May 12, 2014
From The Wyoming Tribune Eagle, http://www.wyomingnews.com/articles/2014/05/08/news/01top_05-08-14.txt#.U3D-svldV8F
By Lucas High
CHEYENNE -- Laramie County Fair officials unveiled a vision earlier this week of what the fair might look like if it were to move entirely to the Archer complex east of the city.
For the past five years, the fair has been split between two locations: the Laramie County Fairgrounds at Archer, about 11 miles east of Cheyenne, and Frontier Park, the home of Cheyenne Frontier Days, which is adjacent to Lions Park inside the city.
The Laramie County Fair Board has been lobbying to consolidate the fair to a single location to improve operational efficiency and the overall experience for fairgoers.
Glen Calvert and John Birkey
, consultants hired by the fair board, presented a plan for the Archer site to the Laramie County Commission on Tuesday.
The plan centers around the construction of a 116,000-square-foot multi-use arena on the south end of the site.
Rendering by Norris Design
The arena would serve as the main exhibition hall for the fair. It also would be able to house more than 1,000 animal stalls and pens, according to design schematics.
The arena would be available for use year-round for events like trade shows and rodeos.
During such shows and other exhibitions, the arena could house more than 100 booths, ranging in size from 10 feet by 10 feet to 40 feet by 40 feet.
The space would also be large enough to house a 135- by 250-foot rodeo surface and bleacher seating for 1,000 spectators.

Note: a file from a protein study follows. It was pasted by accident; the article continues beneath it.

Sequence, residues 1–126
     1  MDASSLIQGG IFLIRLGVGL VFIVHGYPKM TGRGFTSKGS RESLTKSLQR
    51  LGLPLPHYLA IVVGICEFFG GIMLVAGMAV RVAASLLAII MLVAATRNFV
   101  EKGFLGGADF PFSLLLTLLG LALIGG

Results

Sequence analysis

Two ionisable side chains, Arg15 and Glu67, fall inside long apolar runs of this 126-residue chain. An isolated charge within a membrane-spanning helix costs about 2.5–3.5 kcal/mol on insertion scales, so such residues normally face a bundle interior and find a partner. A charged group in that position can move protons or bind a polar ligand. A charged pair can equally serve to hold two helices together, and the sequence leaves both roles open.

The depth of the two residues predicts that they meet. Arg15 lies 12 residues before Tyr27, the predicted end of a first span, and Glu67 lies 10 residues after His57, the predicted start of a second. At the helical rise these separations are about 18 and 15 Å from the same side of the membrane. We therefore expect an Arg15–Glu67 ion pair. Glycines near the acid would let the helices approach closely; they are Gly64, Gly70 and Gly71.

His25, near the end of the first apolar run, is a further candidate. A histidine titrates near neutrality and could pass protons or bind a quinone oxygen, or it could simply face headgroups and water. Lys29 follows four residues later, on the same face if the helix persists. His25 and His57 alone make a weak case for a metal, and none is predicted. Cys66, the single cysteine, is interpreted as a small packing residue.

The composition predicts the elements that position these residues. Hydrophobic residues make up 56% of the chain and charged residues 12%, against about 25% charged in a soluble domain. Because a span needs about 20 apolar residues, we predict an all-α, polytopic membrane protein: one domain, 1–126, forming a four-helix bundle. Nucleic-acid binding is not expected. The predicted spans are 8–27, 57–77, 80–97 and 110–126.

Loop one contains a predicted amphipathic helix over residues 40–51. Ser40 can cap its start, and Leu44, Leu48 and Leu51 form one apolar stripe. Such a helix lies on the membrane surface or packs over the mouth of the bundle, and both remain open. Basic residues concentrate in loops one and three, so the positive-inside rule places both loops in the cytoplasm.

The structure would be a pre-engineered metal building.
“It would not be the Taj Mahal in terms of what the building would look like,” Calvert said. “But it would be very durable in order to keep the costs under control as much as possible.”
Calvert is the general manager of Priefert Complex Designs
Just north of the proposed arena location would be the main carnival midway, which would utilize an existing open space.
This area would include space for rides and vendor tents.
“There are already existing trees in that area, but additional trees would be put in for shade and for wind-breaking,” said Birkey, who works for the firm Norris Design.
North of the midway would be a park area and an outdoor amphitheater for concerts, plays and movie screenings.
A camping and RV parking area would occupy the far northern portion of the fairgrounds.
Current plans allow for parking stalls for up to 20 RVs. “But that could easily be expanded to fit more,” Birkey said.
Encircling the fairgrounds would be a 1.5-mile biking and jogging trail.
Birkey and Calvert said they envision the entire project to be built in two phases. The first phase would focus on the construction of the multi-use arena. The second phase would involve building the outdoor amphitheater, as well as landscaping of the fairgrounds.
They estimate the total cost of both phases at just over $9.1 million.
Calvert said under ideal conditions, construction of the arena would take about a year. “But it might take two years, given the weather conditions here.”
How the county plans to fund the project remains unclear. In 2012, voters rejected a plan that would have used sixth-penny sales tax funds to move the fair operations to Archer and build a new events center there.
“We are going to have to pound the pavement and raise some money for this project,” fair board Chairman Steve Secrest said.
The plan presented Tuesday would be less expensive than the previous plan to consolidate the fairgrounds, which could convince voters to approve funding if it were to appear on a future sixth-penny ballot, Secrest said.
Selling naming rights for the fairgrounds is another funding option being considered by the fair board, Secrest said.